When pussies emerge, they point largely in the direction of their stem's tip. On stems of willows that are more-or-less erect, pussies face upward and outward, and continue to do so throughout their lifespan. As in the picture above, pussies on stems of prostrate and cascading willows also follow the direction of the stems, at least at first; if the stem is pointing down or sideways, so are the young pussies.


But as the pussies on these prostrate or cascading stems mature, they usually stop following the directions of their stems. Instead, they point upward and, often, with a strikingly uniform verticality. When full elongated, the pussies are also in full bloom throughout their length; a dwarf or cascading willow in full flower looks as if it has been decorated with thick candles that had been carefully placed upright.


This verticality brings a practical benefit to the willow, which, of course, doesn't have any inherent sense of aesthetics. When the stems grow close to the ground, they become more and more densely tangled as new stems and additional side branches creep along amid the rest. Pussies that don't point upward like periscopes might never esscape the tangle, so pollinators would be less likely to reach them. The result is that they would be less likely to produce as much fertile seed as the vertical pussies. It's likely, then, that there's a strong selective pressure for prostrate willows to form vertical pussies. 


Here are other possibillities. When such flatter-growing willows are young, they have comparatively few branches, and there's plenty of space between them. Does each pussy stay oriented to the direction of its stem? There would be enough room. As the branching becomes denser with age, there is less and less space between the stems themselves, let alone additional space for the annual crop of pussies. Would the proportion of pussies that verticalize increase with increasing congestion of the willow's canopy? In other words, does the orientational proclivity of a given pussy change with the age of the willow? Or the increasing density of its branches regardless of age? Or is orientation determined more locally, as pussies somehow become aware of increasing crowding of branches or other pussies in the more-or-less horizontal plane of the willow's growth, and then "decide" to grow vertically. In other words, do the pussies behave individually, as if they have a sense of touch, or is their pattern of verticalization (or not) controlled en masse by the shrub overall?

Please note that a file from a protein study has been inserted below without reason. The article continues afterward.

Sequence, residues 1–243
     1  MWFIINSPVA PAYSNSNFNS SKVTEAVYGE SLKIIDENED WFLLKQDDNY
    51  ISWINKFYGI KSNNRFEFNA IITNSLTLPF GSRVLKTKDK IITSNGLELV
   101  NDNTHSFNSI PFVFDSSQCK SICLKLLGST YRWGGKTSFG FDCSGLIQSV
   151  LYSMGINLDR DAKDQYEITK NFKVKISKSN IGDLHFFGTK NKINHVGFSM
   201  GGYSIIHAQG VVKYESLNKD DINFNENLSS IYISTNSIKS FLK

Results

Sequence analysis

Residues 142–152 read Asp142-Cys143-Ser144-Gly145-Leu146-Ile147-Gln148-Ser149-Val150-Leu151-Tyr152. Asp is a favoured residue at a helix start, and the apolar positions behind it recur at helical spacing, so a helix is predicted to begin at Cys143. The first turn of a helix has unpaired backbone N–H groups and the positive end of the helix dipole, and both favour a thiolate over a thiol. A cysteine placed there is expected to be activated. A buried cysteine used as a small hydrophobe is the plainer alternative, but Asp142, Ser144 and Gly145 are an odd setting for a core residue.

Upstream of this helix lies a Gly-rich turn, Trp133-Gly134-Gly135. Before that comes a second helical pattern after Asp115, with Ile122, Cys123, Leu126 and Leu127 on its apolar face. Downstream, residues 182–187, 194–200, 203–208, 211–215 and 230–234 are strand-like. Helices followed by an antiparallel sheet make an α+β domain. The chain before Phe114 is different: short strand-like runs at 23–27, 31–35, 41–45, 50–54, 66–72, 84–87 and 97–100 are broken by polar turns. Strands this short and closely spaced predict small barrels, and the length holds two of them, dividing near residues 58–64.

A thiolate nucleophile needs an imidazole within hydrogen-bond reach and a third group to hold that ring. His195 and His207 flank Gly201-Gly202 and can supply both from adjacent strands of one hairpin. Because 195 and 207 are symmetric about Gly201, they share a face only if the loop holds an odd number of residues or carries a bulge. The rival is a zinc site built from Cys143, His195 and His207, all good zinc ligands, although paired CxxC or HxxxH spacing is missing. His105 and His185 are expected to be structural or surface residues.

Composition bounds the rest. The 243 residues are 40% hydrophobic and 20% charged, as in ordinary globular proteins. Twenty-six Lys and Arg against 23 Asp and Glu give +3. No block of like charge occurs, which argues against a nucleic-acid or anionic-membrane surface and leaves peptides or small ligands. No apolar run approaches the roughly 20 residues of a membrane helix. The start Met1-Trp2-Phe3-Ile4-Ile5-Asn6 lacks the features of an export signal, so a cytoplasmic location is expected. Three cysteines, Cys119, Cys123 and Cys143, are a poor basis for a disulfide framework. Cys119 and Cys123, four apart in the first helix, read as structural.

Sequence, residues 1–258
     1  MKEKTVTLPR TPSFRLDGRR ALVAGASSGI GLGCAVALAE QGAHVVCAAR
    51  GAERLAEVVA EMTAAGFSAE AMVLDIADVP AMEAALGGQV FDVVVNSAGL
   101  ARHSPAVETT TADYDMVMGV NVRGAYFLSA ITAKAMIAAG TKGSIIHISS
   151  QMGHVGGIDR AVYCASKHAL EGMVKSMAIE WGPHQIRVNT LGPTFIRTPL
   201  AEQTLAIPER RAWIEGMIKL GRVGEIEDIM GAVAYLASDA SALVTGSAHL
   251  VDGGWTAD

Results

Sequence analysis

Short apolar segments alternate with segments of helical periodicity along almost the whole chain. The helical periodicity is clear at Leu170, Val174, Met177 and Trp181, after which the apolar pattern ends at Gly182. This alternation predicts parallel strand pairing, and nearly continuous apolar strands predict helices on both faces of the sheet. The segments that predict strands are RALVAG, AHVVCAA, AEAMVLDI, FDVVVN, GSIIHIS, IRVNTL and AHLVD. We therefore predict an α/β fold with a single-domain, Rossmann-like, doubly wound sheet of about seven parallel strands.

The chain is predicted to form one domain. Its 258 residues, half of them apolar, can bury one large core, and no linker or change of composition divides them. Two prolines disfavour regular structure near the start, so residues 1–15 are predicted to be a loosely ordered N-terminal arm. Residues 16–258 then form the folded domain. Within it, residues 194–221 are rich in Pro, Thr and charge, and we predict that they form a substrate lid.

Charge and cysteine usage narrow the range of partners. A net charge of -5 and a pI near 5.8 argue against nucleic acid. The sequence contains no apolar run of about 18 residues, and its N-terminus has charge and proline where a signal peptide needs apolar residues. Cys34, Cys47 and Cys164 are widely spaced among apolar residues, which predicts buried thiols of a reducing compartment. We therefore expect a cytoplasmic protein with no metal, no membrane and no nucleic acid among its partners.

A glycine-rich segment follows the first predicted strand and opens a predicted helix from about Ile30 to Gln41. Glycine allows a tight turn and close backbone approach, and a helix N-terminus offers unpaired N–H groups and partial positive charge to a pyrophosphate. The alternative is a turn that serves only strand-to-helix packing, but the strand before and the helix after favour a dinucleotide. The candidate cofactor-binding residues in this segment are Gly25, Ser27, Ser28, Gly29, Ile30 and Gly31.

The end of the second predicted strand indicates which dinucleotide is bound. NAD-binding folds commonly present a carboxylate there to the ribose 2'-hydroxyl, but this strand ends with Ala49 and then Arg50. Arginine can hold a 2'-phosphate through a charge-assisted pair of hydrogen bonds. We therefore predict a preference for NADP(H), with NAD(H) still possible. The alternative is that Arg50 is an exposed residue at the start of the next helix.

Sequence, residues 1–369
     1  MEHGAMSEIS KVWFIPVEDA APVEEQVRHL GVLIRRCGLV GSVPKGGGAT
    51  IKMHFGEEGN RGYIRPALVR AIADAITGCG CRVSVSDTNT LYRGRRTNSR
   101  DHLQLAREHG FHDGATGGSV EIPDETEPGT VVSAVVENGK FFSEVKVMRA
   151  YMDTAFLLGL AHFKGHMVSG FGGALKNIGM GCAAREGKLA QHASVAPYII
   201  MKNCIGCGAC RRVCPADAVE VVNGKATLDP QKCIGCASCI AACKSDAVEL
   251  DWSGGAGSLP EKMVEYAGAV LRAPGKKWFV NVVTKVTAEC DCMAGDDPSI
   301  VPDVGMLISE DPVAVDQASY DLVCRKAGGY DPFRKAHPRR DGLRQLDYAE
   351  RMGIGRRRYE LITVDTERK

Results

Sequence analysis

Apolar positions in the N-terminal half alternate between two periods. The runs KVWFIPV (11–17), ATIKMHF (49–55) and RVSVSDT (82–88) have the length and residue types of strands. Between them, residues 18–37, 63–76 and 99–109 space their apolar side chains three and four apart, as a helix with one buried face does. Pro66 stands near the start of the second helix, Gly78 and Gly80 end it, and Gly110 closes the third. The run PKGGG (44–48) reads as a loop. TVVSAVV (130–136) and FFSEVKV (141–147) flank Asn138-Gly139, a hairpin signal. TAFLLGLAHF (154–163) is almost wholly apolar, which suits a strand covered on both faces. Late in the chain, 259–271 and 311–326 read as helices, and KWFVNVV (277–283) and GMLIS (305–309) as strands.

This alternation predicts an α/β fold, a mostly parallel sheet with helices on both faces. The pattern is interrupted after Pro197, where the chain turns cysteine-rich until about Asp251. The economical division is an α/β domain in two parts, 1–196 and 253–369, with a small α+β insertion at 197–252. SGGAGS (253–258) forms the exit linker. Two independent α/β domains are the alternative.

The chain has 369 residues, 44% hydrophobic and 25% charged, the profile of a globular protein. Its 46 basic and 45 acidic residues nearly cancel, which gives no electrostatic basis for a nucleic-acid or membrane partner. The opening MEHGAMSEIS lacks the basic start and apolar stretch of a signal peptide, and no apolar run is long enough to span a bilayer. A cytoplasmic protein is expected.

I'll follow this young Salix repens 'Boyd's Pendulous' as its pussies mature. We'll see if they verticalize at all—and whether this particular individual is male or female. Willows are dioecious, so all the flowers of all the pussies of any given plant are either male or female. The male flowers are considered to be showier because their display of pollen makes the mature pussies bulkier. 


I also grow Salix repens var. argentea. Its leaves are fuzzy and, so, seem quite silvery, hence the 'argentea' varietal name: Argentum is the Latin word for silver. It is shrubby but becomes two or three feet high: it isn't prostrate at all. Its many stems sprawl outward from the center, but all curve upward at their tips. Do its pussies adopt the standard orientation: outward and upward toward the stems' tips? 


There's much to watch as these two forms of Salix repens grow, both in the weeks to come and the years still to follow. In a subseqent post, I'll include a full "Here's how to grow it" text box.



Here's how to grow giant pussy willow, Salix chaenomeloides. It is large and fast growing and, so, benefits from the radical annual pruning that is not advisable for willows, such as Salix repens, that are small or prostrate or both.